Knickerbocker's History of New York

Education and Child-Life,
page 16 of 17

All the old Dutch primers that I have seen, the Groot A B C boeks zeer bekwaam voor de yongekinderen to leeren, contain nothing (besides the alphabet) but religious sentences, prayers, verses of the Bible, pious rhymes, etc.; and dingy little books they are, not even up to the standard of our well-known New England Primer.

Though the Dutch were great printers of horn-books, I do not find that they were universal users of those quaint little “engines of learning.” If used in Dutch-American schools, none now survive the lapse of two centuries; and indeed only one can be found in a Holland museum. Mr. Tuer, the historian of the horn-book, states that there is one in the museum at Antwerp, printed by H. Walpot, of Dordrecht, Netherlands, in 1640; and a beautiful silver-backed Dutch horn-book in the collection of an English clergyman at Coombe Place, England; and a few others in public libraries that are probably Dutch. Dutch artists show, by their frequent representations of horn-books in paintings of children, that the little a-b-boordje was well known. In the “Christ blessing Little Children,” by Rembrandt, the presentment of a child has a horn-book hanging at his side. In several pictures by Jan Steen, 1626-79, horn-books may be noted; in one a child has hung his horn-book on a parrot’s perch while he plays. In 1753 English children used horn-books in New York as in the other provinces, for they were advertised with Bibles and primers in the New York newspapers at that time.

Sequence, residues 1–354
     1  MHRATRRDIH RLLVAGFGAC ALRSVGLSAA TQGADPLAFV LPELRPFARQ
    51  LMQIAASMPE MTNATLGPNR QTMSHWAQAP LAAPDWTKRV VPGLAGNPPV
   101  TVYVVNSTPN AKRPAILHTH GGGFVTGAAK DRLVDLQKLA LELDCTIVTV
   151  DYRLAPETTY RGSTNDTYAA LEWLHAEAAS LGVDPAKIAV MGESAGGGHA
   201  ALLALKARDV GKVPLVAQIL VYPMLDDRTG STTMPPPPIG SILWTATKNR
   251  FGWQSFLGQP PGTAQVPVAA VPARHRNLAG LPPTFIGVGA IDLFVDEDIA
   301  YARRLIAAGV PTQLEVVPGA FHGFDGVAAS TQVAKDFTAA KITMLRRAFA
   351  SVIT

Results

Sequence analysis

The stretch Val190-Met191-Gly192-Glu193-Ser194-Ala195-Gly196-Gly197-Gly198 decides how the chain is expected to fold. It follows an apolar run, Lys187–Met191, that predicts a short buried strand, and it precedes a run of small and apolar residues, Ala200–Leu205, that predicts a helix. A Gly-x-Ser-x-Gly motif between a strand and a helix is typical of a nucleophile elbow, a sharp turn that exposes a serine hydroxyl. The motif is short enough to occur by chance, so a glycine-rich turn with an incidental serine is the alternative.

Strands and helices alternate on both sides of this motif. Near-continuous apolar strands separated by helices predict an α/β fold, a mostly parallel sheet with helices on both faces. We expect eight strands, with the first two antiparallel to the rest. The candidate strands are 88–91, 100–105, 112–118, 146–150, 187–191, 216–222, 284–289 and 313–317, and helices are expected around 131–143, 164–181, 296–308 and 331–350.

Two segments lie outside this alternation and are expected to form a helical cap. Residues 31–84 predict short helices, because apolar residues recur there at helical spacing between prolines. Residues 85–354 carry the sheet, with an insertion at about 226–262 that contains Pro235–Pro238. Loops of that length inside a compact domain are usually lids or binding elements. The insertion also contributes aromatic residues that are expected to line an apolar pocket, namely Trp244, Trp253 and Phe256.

Printed arithmetics were rarely used or seen. Schoolmasters carried with them carefully executed “sum-books” in manuscript, from which scholars copied the sums and rules into small blank-books of their own. One, of a Gravesend scholar in 1754, has evidently served to prove the pupil’s skill both in arithmetic and penmanship. The book is prefaced by instructive aphorisms, such as “Carefully mind to mend in every line;” “Game not in school when you should write.” The wording of the rules is somewhat curious. One reads:—

“Rule of Bartar, which is for exchanging of ware, One Commodity for another. This Rule shows the Merchants how they may Proportion their Goods so that neither of them may sustain loss. Sum. Two Merchants A. and B. bartar. A. hath 320 Dozen of Candles @ 4/6 per Dozen; for which B. giveth him £30 in Cash and ye Rest in Cotton @ 8d per lb. I demand: how much Cotton B. must give A. more than the £30 in Cash.”


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